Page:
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Dr Wyatt R. Hume
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Dr Wyatt R. Hume

Dr. Wyatt R. (Rory) Hume is Executive Director of Education, Training and Development, Research and Development Division, Qatar Foundation. His mandate is to help promote human capability in all areas related to the research and development needs of Qatar using the resources of the Foundation.

Hume is a former Executive Vice President and Provost (Chief Academic Officer and Chief Operating Officer) of the University of California system of ten campuses (Berkeley, UCLA, UCSF, UCSD, UCD, UCI, UCSB, UCR, UCSC, UCM) and three national laboratories. He also served concurrently as the UC system's Vice President for Health Affairs. He had previously served as Executive Vice Chancellor of UCLA, then as President of the University of New South Wales in Sydney, Australia. Following his retirement from the University of California in 2008 he served for four years as Provost of the United Arab Emirates University.

Q: Your title at QF is Executive Director of Education, Training and Development, what does that entail exactly?

A: Its primarily to make sure that the resources of the Foundation are well used in the development of research capability at the graduate student level within Qatar. I have two main day-to-day responsibilities. One is the oversight of the Qatar Science Leadership Program, which is a very important investment in the future of Qatar's research capability. Young people from Qatar, mostly extremely capable Qatari nationals, are selected by us and supported at the Masters and Doctoral level, usually outside of Qatar - with the intention that they will come back and work inside the institutions of QF on completion of their studies. So that's a primary responsibility, and one we take extremely seriously. Another responsibility is to help develop graduate programs inside of Qatar, and to recruit the best possible people from anywhere in the world to come to Qatar to study and work as graduate-level researchers seeking their PhD degree here.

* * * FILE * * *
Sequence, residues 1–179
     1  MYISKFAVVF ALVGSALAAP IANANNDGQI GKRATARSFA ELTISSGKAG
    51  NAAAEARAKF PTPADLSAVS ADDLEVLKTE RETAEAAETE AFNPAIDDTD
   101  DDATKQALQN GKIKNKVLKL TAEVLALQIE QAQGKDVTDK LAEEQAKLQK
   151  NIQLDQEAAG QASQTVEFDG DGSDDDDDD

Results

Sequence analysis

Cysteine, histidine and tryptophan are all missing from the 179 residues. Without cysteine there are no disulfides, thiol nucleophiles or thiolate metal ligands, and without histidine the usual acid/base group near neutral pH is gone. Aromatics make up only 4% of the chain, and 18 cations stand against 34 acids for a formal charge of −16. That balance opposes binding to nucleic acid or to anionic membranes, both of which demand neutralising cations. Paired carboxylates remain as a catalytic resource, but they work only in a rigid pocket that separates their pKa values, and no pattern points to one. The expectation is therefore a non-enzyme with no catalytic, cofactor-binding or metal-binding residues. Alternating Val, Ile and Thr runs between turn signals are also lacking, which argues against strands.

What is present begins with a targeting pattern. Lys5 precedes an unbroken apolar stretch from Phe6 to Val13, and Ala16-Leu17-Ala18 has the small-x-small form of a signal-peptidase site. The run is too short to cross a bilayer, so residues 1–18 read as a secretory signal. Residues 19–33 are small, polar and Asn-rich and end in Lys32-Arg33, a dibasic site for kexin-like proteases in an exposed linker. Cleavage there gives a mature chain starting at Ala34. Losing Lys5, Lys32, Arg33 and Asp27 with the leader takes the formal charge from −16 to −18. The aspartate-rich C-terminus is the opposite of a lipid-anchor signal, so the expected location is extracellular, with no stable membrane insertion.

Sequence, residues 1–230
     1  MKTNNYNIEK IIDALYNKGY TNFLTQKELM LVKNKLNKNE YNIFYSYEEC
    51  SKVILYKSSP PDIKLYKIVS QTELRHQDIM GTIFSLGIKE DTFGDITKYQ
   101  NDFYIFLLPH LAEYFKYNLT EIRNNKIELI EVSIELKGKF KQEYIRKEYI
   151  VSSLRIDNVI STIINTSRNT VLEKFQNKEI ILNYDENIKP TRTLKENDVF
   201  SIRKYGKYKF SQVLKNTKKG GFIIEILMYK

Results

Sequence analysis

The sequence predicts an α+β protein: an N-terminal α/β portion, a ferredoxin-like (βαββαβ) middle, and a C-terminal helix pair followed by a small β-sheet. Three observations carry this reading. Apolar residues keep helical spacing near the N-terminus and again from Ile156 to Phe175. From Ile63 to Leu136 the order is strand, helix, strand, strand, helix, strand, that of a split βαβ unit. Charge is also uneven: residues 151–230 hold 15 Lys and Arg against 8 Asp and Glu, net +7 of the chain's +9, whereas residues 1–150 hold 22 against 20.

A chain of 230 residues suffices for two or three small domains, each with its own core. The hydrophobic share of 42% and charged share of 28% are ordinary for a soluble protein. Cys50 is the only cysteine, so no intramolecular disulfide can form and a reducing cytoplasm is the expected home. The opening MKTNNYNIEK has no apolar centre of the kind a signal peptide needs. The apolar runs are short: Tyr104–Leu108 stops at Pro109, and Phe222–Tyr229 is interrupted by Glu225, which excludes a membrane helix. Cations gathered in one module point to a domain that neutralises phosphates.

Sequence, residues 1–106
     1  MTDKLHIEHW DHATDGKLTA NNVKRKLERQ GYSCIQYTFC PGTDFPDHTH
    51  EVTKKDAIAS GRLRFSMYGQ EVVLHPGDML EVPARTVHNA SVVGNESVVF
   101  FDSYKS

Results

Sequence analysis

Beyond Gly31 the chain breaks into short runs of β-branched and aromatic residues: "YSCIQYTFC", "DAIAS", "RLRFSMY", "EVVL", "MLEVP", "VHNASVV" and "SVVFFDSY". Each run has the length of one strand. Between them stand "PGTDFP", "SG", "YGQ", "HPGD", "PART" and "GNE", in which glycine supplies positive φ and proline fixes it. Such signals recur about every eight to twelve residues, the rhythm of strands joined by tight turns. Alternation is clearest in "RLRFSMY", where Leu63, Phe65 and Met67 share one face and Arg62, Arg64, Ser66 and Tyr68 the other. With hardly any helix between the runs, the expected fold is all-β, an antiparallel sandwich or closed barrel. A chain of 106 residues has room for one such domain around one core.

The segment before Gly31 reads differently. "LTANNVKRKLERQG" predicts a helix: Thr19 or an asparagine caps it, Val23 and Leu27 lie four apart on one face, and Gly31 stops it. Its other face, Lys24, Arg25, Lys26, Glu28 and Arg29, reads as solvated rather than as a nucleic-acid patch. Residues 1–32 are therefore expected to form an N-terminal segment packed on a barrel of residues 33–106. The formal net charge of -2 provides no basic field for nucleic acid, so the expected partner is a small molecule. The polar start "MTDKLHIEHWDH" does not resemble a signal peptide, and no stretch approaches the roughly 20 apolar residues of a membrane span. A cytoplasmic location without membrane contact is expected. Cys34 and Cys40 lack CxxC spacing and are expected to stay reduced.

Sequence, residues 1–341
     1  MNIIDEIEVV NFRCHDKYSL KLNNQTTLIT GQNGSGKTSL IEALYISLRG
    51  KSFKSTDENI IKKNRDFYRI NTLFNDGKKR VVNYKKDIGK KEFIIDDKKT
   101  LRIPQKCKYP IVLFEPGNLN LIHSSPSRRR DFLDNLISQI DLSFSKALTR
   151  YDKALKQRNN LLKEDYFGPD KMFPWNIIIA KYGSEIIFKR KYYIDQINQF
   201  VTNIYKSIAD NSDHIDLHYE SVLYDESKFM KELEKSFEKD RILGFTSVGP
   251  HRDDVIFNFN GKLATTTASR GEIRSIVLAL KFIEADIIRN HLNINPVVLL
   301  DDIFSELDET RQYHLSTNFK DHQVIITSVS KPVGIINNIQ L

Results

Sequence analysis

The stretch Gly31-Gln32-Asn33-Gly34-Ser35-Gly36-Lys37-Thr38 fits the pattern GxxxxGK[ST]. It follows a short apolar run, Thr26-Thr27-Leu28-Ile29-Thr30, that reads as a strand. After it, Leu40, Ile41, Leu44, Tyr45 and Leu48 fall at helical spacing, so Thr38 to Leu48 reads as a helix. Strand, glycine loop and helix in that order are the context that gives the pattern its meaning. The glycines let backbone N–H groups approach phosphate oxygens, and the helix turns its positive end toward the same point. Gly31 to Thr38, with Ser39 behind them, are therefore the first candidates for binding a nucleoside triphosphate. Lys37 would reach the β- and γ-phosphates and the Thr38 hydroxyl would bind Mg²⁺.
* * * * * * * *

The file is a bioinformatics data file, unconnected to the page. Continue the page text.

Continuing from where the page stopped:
Many people think that being a research graduate student is a benefit to the individual, and in some senses it is. But for a research team and a research enterprise, research graduate students are an integral part of their success because they bring new capabilities, new ideas and new creativity. Its a universal finding across the world that research teams with the best graduate students are the ones who are the most creative. And there's little doubt that it is the graduate students who make that creativity. So bringing a brilliant graduate research student to a team or to a country is a benefit to the research team and the country.

Q: In order to develop this environment of excellence in research capabilities, what do you think are the three most important factors facing Qatar over the next few years?

A: To attract the excellent students, we have to have superb facilities and working and living environments. That's very important. We have to have superb scientists for them to work with and they and everybody else have to see Qatar as an attractive destination in every sense. A place that is supportive of open enquiry and creativity - somewhere that is a comfortable and exciting place to live. So I think it's these three things that are the major things. The Foundation is doing a superb job at creating that sort of environment.

Q: What first attracted you to Qatar and Qatar Foundation? 

A: I was very impressed by the accomplishments of the Foundation that I saw. Before I came here I was working in the UAE and I could see, almost every day, that the Foundation, through Qatar National Research Fund, and through the educational activities of the Foundation, which are particularly evident internationally with the WISE conference and QNRF's activities. From the outside I could see that good things were happening in Qatar and when I was approached by the Foundation I was very interested in joining the team, first to find out why it was working so well, and second to contribute to those accomplishments in the future.

Q: If everything goes according to plan, how do you see the research environment blossoming here?

A: Well, within five years we will have several thousand additional scientists working in the institutions of the Foundation - the three existing ones and, potentially, a fourth in the social sciences. I am hoping that there will be several thousand research scientists and at least a thousand graduate students with them, working in Qatar, in areas related to Qatar's future needs in economic diversification, health and security in the broadest sense - meaning educational attainment, cyber security, food security, water security, all of those things.